In still another conventional approach using an optical aperture rather than an aperture wheel, an annular intensity profile is created and varied by using diverging and counter-diverging elements that are movable relative to each other in the illumination path, preferably under control of a computer. As shown in FIG. 4, an apparatus that provides such a beam variation comprises a pair of refractive elements 38 and 39 with confronting conical surfaces. FIG. 5 illustrates an exploded view of the conical refracting apparatus 25 shown in FIG. 4.

In the operation of the apparatus shown in FIG. 4, a concave conical surface of a first element diverges the illumination into an annular configuration having a radius that increases with distance from the first element. A complementary convex conical surface of a second element counters the divergence caused by the first element and restores the original directional orientation to the illumination, thereby fixing the radius of the annular intensity profile. The first and second elements are movable relative to each other, such that the distance between them is variable. The radius of the annular divergence of the illumination is a function of the distance between the first and second elements.

Disadvantageously, the complementary concave and convex conical elements are difficult to manufacture, and thus expensive, and the apparatus only provides for an annular intensity profile, rather than the multitude of aforementioned desired geometric shapes. In contrast, embodiments according to the present invention produce illumination profiles using simple planar surfaces which can be created with greater ease and precision of manufacturing while also providing for the creation and variation of both dipole and quadrapole intensity profiles.

SUMMARY OF THE INVENTION

A first embodiment of an exposure apparatus for creating a variable light intensity profile in a photolithographic process according to the present invention preferably comprises at least one complementary pair of transparent elements, wherein a first transparent element has an adjacent pair of first planar interface surfaces for dividing an incident light beam and refracting the portions of the divided beam away from an incident optical axis and a second transparent element has an adjacent and complementary pair of second planar interface surfaces for restoring the original directionality to the beam portions via refraction at the second planar interface surface, producing a bipolar beam.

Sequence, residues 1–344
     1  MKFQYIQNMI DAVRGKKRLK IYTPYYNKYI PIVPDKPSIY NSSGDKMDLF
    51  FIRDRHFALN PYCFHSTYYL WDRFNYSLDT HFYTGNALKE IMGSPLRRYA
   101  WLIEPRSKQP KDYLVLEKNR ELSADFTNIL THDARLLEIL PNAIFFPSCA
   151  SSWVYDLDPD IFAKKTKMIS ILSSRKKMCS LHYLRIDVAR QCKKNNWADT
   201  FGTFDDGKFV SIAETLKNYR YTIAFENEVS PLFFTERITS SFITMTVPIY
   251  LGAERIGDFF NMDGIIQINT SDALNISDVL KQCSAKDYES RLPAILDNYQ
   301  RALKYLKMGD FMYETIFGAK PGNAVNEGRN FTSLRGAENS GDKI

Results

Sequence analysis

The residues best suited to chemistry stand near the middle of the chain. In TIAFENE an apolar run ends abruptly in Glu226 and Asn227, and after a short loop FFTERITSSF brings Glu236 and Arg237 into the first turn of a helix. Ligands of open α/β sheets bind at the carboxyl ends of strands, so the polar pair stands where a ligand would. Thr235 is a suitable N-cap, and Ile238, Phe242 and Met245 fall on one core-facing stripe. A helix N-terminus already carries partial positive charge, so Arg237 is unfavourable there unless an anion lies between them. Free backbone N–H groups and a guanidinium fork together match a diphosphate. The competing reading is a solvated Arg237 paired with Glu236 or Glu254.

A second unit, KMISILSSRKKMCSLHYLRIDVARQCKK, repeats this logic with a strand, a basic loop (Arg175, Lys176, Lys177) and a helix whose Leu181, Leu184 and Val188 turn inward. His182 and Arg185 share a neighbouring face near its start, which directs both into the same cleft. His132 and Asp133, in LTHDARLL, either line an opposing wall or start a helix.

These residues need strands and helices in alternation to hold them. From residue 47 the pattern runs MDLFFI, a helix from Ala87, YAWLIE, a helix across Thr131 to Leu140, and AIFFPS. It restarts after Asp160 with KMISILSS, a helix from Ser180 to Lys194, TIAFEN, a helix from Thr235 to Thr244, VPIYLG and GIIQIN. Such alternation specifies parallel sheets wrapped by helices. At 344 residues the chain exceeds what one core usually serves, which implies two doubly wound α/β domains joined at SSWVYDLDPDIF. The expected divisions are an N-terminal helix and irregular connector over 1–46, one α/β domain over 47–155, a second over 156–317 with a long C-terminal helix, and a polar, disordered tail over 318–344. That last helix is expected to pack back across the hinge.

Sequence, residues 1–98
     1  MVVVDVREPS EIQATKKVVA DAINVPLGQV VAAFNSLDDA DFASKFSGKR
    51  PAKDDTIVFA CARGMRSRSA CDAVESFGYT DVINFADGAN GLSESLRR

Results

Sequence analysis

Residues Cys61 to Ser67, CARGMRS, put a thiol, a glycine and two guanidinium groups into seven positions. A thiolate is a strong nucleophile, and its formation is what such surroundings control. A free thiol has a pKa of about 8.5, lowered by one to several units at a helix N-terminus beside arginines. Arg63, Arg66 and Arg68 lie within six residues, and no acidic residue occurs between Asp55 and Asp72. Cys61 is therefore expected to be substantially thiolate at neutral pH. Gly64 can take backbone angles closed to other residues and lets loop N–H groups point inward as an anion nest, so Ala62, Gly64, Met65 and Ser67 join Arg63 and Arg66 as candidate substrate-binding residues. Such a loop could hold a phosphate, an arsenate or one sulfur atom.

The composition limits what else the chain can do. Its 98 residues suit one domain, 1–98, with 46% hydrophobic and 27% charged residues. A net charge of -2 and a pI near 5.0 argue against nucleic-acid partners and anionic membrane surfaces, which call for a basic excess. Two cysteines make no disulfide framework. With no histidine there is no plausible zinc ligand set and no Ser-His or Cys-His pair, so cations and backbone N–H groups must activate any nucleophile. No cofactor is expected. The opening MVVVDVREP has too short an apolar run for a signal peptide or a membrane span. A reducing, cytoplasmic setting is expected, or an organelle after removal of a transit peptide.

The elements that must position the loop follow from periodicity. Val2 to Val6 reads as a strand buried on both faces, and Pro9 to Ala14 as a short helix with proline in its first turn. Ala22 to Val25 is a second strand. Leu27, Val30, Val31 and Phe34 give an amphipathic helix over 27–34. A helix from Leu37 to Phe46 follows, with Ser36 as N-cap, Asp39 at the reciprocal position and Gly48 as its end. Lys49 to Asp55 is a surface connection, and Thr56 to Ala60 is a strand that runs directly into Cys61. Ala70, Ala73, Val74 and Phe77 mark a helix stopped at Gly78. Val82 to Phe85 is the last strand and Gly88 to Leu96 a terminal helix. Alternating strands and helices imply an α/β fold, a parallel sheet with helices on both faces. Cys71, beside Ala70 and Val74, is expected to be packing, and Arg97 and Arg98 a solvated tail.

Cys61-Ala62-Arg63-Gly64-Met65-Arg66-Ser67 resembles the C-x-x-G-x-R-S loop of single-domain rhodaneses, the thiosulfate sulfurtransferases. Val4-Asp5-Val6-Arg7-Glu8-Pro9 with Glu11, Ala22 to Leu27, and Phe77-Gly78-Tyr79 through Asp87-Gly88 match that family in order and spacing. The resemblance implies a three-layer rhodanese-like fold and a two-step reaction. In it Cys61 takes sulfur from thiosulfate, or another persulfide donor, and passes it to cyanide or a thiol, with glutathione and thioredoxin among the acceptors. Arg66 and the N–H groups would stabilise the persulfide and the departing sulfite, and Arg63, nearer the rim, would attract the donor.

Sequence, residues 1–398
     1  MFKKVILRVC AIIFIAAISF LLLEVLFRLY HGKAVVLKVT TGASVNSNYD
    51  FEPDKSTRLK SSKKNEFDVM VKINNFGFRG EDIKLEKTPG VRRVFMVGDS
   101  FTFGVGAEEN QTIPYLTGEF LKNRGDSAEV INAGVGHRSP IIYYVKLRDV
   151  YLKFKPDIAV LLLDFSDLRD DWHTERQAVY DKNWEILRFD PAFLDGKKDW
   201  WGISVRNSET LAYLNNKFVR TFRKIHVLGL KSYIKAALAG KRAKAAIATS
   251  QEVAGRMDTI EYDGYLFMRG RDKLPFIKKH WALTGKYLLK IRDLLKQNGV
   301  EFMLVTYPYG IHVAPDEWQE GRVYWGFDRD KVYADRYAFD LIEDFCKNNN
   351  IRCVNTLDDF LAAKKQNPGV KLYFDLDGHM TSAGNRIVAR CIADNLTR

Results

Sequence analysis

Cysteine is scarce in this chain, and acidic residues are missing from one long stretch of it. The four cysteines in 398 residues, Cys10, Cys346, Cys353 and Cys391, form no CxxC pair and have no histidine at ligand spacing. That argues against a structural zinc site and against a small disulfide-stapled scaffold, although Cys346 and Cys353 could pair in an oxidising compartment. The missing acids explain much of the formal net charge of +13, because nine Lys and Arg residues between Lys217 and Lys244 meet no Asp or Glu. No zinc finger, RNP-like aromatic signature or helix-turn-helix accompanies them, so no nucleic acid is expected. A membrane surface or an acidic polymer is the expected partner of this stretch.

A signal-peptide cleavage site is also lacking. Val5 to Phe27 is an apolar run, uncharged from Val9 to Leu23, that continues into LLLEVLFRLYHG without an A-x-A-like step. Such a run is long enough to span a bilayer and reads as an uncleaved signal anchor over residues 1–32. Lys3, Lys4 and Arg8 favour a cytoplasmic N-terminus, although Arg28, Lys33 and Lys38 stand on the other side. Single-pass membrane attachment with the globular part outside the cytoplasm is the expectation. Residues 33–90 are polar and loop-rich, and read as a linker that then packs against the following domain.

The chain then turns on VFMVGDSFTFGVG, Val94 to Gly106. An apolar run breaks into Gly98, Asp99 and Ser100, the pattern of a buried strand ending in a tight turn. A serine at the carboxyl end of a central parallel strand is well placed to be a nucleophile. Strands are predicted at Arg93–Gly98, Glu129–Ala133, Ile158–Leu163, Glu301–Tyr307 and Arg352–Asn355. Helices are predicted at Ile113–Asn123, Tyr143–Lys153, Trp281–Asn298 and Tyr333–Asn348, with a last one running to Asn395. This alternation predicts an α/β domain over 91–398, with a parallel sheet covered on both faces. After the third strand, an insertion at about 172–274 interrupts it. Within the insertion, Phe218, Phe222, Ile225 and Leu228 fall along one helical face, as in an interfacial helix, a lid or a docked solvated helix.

The second planar interface surface is preferably parallel to and orthogonally displaced from the first planar interface surface. The degree of dispersion of the light beam portions is directly proportional to the displacement between the opposing refractive surfaces. Such an apparatus allows for the divergence of the incident beam along a single axis. Preferably a first motor acting upon one or both of the transparent elements is the motive means for displacing the first and second transparent elements relative to the other. As the two separate beams are directed to a reticule, they are displaced from and parallel to the central optical axis, thereby reducing the beam dispersion beyond the edges of the reticule.

A second embodiment of the present invention comprises the transparent elements of the first embodiment combined with a second pair of complementary transparent elements having a third and fourth opposing planar interface surfaces, respectively, arranged such that the opposing refractive surfaces of the second pair of transparent elements are rotated orthogonally about the optical axis, so as to produce a second division and refraction of the incident light beam that is orthogonal to the first division and refraction of the incident light beam. Such combination of the first and second division and refraction produces a quadrapolar intensity profile that can be refracted and displaced in two dimensions. Preferably, a second motor acting upon one or both of the second pair of transparent elements is the motive means for displacing the third and fourth transparent elements relative to the other. As the four separate quadrature beams are directed to a reticule, they are displaced from and parallel to the central optical axis, thereby further reducing the beam dispersion beyond the edges of the reticule.

A third embodiment of an exposure apparatus according to the present invention preferably comprises the quadrapolar transparent elements of the second embodiment, wherein the second transparent element of the first pair of transparent elements and the first transparent element of the second pair of transparent elements are joined or manufactured as a common element while maintaining the orientation of the separate planar refractive surfaces.

A fourth embodiment, according to the present invention, combines the second embodiment with a conical divergence element having a variable annular intensity profile. Such an embodiment can selectively provide a bipolar, a quadrature, or an annular pattern, or combination thereof, depending on the separation between the opposing refractive element surfaces.